San Diego A U.S. Naval Academy midshipman, stationed for the summer on the USS Mount Vernon here, has been accused of raping a 19-year-old civilian at a party in East San Diego. Midshipman 2nd Class Lawrence Herrera, a 21-year-old mechanical engineering major from Santa Fe, New Mexico, is set for a preliminary hearing today. According to a report in the Washington Post, Herrera was found passed out in the bathroom of a private home when police arrived shortly after 3:00 a.m. on June 19. The alleged victim said she awoke to find Herrera molesting her. The incident is the latest in a long string of alcohol-related sexual scandals to plague the academy. In March, three ex-football players from the school agreed to resign in order to avoid second-degree rape charges stemming from a case involving a 20-year-old female classmate who said she was assaulted after she passed out in a bedroom during a party. Bill Spann, an academy spokesman, wouldn't comment but issued a statement saying, "Issues such as dignity and respect, moderation with respect to alcohol, and the overall rules and regulations of the Naval Academy are something that are first and foremost in the minds of every midshipman from [Induction Day] through graduation and is a steady drumbeat that continues throughout their four-year program."
Have mower, will travel The head groundskeeper at Qualcomm Stadium spent three days last week up in Idaho Falls, Idaho, helping his peers there tidy up the turf for the Padres farm club, known as the Idaho Falls Padres. San Diego city employee Steve Wightman says he made the 900-mile trip at the behest of the Padres, who picked up the tab for his room, board, and air fare, because the Idaho infield was getting worn down. He adds he took vacation time for the extra duty and stopped off for a family wedding in San Francisco on the way up ... Gary Condit, that Democratic congressman linked to missing intern Chandra Levy, had a bit part in the 1978 cult-classic Attack of the Killer Tomatoes, made by his then-assembly colleague Steve Peace. Condit, a member of Peace's "Gang of Five," which tried unsuccessfully to topple then-assembly speaker Willie Brown, plays a customer at a brawl in a Chula Vista pizza joint. The Smoking Gun, a website devoted to covering all manner of scandals, discovered Condit's brief walk-on ... Attorney Lisa Foster, wife of San Diego schools chief Alan Bersin, has joined the national board of Common Cause, the political reform group ... Is pledge night dead? Doug Myrland, general manager of KPBS, is quoted in the Chronicle of Philanthropy as saying such on-air fundraisers are "a quick fix." "We are hitting our short-term financial goals, but we haven't invested enough in figuring out how to make sure we have long-term members."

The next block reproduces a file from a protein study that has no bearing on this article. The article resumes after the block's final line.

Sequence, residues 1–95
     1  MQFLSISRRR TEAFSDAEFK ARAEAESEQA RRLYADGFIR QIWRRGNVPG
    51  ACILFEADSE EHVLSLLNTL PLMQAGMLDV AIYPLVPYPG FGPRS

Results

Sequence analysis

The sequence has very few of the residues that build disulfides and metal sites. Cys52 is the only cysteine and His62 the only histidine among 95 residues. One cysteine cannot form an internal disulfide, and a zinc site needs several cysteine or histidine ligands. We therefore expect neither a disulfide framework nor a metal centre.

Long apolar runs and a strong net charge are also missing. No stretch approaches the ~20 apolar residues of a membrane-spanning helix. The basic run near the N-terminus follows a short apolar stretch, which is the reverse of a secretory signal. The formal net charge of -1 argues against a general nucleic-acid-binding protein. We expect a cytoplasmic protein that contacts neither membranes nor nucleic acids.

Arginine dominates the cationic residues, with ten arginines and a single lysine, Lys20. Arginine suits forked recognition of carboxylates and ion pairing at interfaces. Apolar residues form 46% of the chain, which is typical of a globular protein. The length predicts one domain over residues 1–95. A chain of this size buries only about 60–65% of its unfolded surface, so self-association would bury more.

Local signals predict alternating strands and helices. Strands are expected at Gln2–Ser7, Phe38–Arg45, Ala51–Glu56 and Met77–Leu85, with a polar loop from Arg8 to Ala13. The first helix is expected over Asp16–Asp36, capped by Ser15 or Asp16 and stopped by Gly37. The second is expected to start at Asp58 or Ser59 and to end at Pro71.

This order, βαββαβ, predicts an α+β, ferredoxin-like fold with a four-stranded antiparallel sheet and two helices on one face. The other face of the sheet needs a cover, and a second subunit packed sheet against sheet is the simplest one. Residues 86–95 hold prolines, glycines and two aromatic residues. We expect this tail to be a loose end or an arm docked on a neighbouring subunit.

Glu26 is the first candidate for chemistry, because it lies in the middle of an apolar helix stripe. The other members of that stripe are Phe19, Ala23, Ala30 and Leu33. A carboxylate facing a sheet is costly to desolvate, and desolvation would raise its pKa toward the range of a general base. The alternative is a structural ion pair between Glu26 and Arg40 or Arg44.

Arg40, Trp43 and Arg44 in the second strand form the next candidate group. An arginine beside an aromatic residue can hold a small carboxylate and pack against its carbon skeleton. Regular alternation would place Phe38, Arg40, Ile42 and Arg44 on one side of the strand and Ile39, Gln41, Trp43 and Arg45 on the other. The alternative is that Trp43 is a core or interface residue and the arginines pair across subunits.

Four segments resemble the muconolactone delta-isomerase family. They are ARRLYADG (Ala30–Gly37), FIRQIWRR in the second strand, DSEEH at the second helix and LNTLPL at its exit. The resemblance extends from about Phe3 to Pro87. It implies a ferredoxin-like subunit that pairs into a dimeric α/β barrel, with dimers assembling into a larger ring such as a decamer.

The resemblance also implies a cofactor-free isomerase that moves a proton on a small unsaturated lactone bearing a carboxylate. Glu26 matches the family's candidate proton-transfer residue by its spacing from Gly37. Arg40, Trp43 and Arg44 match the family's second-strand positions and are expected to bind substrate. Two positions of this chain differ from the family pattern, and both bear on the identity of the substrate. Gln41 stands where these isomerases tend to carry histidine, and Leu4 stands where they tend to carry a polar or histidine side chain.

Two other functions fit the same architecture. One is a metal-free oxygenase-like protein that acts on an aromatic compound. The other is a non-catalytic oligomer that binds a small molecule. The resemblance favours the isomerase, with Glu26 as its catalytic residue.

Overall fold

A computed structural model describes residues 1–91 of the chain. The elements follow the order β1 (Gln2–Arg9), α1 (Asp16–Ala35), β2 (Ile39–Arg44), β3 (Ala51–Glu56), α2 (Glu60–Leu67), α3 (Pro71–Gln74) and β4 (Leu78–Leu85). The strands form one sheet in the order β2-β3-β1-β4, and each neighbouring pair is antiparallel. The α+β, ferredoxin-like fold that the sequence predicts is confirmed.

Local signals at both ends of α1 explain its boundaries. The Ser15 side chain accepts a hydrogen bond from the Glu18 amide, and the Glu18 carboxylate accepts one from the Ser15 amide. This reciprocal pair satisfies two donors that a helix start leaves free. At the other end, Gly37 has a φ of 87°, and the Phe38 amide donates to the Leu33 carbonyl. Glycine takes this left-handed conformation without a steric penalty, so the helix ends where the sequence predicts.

Break a fin The Union-Tribune really likes Ocean Oasis, an Imax documentary about the ecology of Baja California produced by the San Diego Natural History Museum. First came praise from columnist Neil Morgan: "Raves cross-country are in print for Iliana Ortega Bacmeister, 30, a Mexican marine biologist, for her lyrical narration of the Natural History Museum's new giant-screen film about Baja." Then there was Otto Kreisher: "The product is spectacular, particularly the underwater scenes, many of which feature Iliana Ortega Bacmeister, a Mexican marine biologist who narrates scenes of her visits with myriad fish, a lovely ballet with a large manta ray and some scary encounters with sharks." But then the movie hit the road to L.A., where Daily Variety critic Robert Koehler reported, "If audible yawns during a paid-audience screening are any indicator, Oasis isn't likely to gather in the green typical at these venues.... When a mundane, educational approach is adopted, even the biggest cameras tend to reduce the subject rather than excite the eye and mind." Koehler's verdict: "Outside of the haunting, unexpectedly disturbing contemplation of a dead, decaying humpback whale -- there is little that's especially remarkable here, and even less unique to Baja.... Alan Reeves's score is generically grand when it isn't clearly borrowing from Michael Nyman, and the narration, which jumps around from one Mexican scientist to another, comes in sometimes heavily accented English."
Contributor: Matt Potter